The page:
Sunday, October 26, 2008

Taking a break on a warm day

Rain lashed the house overnight as a 60 mile-per-hour gale raked the treetops while we slept, vividly dreaming. Morning's gray-filtered light revealed surprisingly small pieces of tree debris for all the rushing noise the wind had made.

The clouds lifted as we ate breakfast. The day warmed rapidly from the mild 40s of the night to something in the neighborhood of 60. After a bit of this and that we headed out for a quick jaunt.

Pine River Road runs close to the river from which it gets its name, but you only see it twice: once at the bridge on Elm Street shortly before you turn onto Pine River Road, and again from a hill overlooking the flood plain back toward the Green Mountain massif.

The Hausberg in autumn gold

To add a couple of miles to the loop we went across Route 16 toward Center Ossipee so we could take Annie Nichols Road over to Dore Street. It's a short diversion, but Annie Nichols Road runs beside Beech River, which is both a pretty and an interesting stream. Beech River starts at the Beech Ponds on a ridge north of Wolfeboro, flows down into Garland Pond in a large wetland complex and continues through the glacial till of the valley floor through Center Ossipee to join the Pine River.

The cellist loops back under the railroad line to see what's holding me up. Conveniently, this puts her in the frame for the shot I wanted. Beech River is on the right.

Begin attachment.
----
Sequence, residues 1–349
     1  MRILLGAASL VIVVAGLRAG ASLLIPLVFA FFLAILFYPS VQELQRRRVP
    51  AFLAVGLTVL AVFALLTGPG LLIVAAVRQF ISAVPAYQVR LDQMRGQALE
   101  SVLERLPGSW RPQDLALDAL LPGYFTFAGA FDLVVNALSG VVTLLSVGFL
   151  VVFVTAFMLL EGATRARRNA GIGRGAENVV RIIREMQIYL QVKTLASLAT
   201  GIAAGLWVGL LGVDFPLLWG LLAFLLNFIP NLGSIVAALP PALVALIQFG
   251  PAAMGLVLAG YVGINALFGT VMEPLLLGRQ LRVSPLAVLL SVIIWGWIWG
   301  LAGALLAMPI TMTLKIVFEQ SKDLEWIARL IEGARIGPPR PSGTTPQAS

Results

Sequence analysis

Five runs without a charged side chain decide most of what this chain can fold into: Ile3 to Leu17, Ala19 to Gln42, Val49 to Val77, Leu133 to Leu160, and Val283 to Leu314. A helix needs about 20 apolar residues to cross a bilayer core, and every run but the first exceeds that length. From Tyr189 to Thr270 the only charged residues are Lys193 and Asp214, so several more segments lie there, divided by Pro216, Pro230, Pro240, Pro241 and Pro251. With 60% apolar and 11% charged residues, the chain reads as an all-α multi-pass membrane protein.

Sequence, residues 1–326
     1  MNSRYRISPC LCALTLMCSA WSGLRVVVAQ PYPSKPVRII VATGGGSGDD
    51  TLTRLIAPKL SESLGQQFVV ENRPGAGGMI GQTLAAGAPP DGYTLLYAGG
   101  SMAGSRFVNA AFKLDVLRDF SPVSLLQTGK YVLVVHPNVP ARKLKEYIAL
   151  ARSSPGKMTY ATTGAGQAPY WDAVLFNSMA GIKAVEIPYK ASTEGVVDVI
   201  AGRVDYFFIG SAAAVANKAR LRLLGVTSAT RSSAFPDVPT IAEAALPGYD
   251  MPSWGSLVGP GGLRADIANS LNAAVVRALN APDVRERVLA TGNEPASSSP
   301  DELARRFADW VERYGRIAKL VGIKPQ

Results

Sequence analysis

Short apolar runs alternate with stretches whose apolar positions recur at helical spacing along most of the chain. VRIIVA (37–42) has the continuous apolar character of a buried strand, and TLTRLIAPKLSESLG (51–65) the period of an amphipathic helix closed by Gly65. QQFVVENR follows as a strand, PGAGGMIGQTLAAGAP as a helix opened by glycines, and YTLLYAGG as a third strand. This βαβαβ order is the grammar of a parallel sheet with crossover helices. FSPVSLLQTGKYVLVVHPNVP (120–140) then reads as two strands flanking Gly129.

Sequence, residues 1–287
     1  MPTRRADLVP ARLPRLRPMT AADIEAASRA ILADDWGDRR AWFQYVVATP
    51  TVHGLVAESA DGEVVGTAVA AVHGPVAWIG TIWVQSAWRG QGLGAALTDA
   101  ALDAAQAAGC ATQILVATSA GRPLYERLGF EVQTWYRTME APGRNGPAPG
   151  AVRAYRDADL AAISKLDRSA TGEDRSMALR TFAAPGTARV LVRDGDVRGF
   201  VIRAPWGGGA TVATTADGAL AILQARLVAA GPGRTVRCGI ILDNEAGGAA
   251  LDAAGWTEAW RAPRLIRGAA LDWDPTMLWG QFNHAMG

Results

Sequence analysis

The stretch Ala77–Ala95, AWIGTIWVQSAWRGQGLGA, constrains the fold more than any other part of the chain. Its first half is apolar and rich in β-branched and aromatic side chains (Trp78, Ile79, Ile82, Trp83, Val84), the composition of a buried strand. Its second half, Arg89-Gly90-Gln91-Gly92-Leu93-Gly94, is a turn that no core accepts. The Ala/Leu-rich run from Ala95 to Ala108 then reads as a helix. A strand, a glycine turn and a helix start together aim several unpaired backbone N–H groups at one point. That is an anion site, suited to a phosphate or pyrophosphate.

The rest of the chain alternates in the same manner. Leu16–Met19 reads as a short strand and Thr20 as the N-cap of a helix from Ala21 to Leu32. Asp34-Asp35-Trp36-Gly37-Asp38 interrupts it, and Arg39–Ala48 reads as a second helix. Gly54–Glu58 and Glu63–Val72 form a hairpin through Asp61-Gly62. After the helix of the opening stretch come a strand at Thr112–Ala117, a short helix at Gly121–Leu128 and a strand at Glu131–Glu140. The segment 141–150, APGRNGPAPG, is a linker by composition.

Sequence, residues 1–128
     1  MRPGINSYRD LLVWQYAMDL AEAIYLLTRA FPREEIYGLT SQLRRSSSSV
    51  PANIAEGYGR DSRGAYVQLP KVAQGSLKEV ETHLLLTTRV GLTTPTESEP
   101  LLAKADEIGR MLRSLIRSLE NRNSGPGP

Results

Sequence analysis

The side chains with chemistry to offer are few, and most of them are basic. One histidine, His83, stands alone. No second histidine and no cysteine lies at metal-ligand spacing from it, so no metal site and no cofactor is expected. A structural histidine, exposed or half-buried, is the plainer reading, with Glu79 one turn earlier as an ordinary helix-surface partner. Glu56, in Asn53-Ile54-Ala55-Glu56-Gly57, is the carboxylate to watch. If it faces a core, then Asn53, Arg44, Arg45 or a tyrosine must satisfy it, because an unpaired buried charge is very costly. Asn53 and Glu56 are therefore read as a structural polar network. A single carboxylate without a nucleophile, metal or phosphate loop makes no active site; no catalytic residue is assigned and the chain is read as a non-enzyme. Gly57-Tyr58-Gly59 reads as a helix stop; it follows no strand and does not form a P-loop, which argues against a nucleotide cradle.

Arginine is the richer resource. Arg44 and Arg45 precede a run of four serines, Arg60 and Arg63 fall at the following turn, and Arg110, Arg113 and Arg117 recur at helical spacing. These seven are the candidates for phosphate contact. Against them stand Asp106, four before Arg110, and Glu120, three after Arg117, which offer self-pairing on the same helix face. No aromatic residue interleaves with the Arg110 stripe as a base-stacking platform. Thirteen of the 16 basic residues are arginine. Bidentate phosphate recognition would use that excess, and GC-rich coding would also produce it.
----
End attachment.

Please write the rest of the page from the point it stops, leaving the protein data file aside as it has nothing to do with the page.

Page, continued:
Just past the railroad underpass we turned right on Dore Street. Along there we saw the homes of successful bowhunters with deer in various stages of disassembly hung out front. A dog charged noisily at us from an overgrown side yard, but must have been chained or fenced. A child giggled at the thought of us dismembered. We pedaled sedately through the balmy afternoon.

From the village of Center Ossipee we dropped down to pick up Route 25 east. We caught the tailwind there, too. It booted us about four miles down to where Green Mountain Road comes out opposite 153 north. We turned there to close the loop. The hilly contours and surrounding forest kept the wind from hindering us, so the tailwind we'd enjoyed was basically free.

To avoid a nasty wall, we peeled off to the left on Winter Road, a more gradual climb along a small stream ravine. It's barely more than 100 yards and well worth it. On Winter Road some friends passed us in their VW van to drop some friendly harassment. They turned left at High Watch Road. We wondered if they were going hiking up there or if they'd made a wrong turn.

Several miles farther around the mountain, we saw another friend of ours, standing in her front yard with her Airedale, so we stopped to chat. She had her pets out for a romp. Her smaller terrier and one cat came to join us. As we talked, we saw the van with our friends in it. They had made a wrong turn. For some reason, people don't realize they need to cut further back to the right to regain Green Mountain Road after Winter Road. Several people have told me they went left at that next intersection. Fortunately the paved road peters out into a logging road, so they don't drive all the way to Maine before figuring it out.

The sun keeps sinking. The weather keeps trying to turn cold. Riding days must get fewer and fewer or at least more logistically challenging. Even the warm days are short. Grab what you can get.

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